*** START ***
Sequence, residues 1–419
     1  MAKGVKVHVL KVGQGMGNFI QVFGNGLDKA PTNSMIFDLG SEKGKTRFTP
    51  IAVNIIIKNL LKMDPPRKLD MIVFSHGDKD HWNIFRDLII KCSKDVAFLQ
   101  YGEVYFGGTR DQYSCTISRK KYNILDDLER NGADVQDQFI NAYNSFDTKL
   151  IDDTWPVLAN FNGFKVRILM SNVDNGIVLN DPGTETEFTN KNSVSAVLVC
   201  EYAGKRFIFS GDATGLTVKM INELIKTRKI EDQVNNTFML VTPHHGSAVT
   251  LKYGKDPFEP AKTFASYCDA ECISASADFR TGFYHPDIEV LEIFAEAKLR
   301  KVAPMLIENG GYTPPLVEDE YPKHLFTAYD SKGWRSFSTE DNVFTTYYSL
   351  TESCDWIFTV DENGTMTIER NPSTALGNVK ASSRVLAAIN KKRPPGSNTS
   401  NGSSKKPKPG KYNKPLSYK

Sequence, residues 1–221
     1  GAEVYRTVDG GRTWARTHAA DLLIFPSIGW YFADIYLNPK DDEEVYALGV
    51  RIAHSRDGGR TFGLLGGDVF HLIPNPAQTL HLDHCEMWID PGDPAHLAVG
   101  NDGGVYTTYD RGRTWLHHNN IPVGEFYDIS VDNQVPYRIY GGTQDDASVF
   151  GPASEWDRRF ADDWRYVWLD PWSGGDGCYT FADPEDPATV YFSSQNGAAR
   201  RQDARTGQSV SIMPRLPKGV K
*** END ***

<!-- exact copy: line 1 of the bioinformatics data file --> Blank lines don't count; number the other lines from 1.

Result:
Sequence, residues 1–419